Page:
You can fight back against unlawful vehicle repossession
The thought of your car or truck being repossessed summons up a few different feelings, none of them good.
How will you get to work, run errands, take your kids to school without your car?
Your neighbors will know that you’re struggling financially.
How will you come up with the money to recover your car?
But this doesn’t mean you’re helpless in the face of repossession. There are laws designed to protect consumers, even those who fell behind on their car payments.
These laws determine how banks and lenders can operate during repossessions, what notices they need to provide to borrowers and how they can handle the sale of the repossessed vehicle.
If you’re facing repossession, here’s what you need to know.
What Should I Do If My Car is Going to Be Repossessed?
If you think your vehicle is about to be repossessed, take these steps:
- Remove all purchase and loan documents from the vehicle.
- Remove all personal belongings.
- Make a record of the vehicle: note the mileage on your odometer and take photos of the interior and exterior of the vehicle.
- Ask your lender to provide you with a written loan payment history and a payoff figure.
- Don’t try to hide your vehicle to avoid repossession.
My Car Was Repossessed. Now What?
- Determine whether your vehicle was repossessed or stolen
The first thing to do is to make sure your car was in fact repossessed – and not stolen – by calling your lender and your local police department.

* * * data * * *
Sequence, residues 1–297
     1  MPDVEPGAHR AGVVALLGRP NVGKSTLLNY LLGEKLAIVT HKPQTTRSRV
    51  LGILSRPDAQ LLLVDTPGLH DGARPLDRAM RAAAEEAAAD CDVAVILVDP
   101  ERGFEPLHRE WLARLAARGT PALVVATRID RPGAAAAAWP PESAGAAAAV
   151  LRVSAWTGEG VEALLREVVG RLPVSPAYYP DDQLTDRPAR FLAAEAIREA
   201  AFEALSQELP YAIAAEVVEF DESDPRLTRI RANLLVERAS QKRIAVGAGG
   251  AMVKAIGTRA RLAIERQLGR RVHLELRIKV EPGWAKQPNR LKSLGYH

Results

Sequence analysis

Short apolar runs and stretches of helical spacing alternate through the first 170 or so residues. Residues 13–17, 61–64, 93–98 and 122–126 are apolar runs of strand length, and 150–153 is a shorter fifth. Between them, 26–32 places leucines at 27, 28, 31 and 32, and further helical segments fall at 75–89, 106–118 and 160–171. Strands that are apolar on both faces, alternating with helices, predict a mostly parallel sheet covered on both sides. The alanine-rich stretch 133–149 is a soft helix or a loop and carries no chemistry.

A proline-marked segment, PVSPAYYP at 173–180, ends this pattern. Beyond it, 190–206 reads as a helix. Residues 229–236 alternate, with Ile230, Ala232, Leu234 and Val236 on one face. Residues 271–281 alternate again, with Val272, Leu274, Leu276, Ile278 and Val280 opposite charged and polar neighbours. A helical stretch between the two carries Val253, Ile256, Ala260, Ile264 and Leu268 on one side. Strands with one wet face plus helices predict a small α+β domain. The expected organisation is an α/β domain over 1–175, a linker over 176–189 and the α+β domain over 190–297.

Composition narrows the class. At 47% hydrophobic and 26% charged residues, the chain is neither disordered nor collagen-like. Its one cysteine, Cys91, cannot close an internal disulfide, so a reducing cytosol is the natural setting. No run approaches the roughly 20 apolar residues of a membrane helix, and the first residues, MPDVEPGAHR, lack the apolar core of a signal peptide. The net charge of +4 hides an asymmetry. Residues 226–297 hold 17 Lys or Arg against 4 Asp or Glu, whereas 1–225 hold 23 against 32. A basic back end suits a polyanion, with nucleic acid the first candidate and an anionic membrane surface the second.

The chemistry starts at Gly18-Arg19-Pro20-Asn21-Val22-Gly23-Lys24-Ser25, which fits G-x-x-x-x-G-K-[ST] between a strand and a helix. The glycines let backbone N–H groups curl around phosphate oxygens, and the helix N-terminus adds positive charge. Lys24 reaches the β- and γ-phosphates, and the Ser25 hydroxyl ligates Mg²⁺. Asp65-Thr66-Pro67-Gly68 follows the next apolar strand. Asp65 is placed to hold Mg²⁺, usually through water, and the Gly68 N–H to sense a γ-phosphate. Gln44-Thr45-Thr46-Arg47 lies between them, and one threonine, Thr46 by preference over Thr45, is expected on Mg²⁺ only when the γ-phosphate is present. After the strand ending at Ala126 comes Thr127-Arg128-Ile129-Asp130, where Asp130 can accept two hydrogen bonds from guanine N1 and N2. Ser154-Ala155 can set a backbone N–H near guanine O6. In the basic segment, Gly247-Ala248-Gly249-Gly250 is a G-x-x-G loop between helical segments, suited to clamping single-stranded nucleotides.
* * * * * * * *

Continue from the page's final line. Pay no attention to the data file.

- Gather your car purchase, loan and payment documents:
- Buyer’s Order or car purchase agreement
- Retail Installment Sales Contract (RISC) or loan agreement.
- Loan Payment History
- Obtain tow company information
Find out which tow company was hired by the lender to repossess your vehicle. Request the location and contact information of the tow company so that you can contact them to retrieve your personal belongings from the vehicle.
- Gather repossession documents mailed from the lender
After the repossession, the lender is required to provide the borrower with the following documents:
- The Notice of Intent to Sell Property or repossession notice.
This document will detail the terms for you to get your vehicle back. Also, the letter will designate a time period within which you must act before the vehicle is sent to a private sale or auction.
- The Deficiency Notice
This notice is sent to the borrower after the vehicle has been sold. It will list the selling price of the vehicle, repo and storage costs. The selling price will be deducted from the balance owed on the loan.
- The Notice of Intent to Sell Property or repossession notice.
- Be Cautious: Waivers and Release Agreements
Never sign a waiver or release agreement to get your vehicle back. Signing a waiver could negate a legal claim of wrongful actions by the lender. There’s no law requiring you to sign documents to recover your vehicle, even if the repo agent or storage yard asks for one.
- Collection letters & calls
Once the vehicle is sold, typically the lender will assign collection of the deficient balance to a debt collector. Collectors must follow the law when they are collecting debt from consumers. If you receive collection letters or phone calls for the deficient balance on your car loan, the collection contact can be reviewed for potential violation of the Fair Debt Collection Practices Act. Learn about your rights with debt collectors.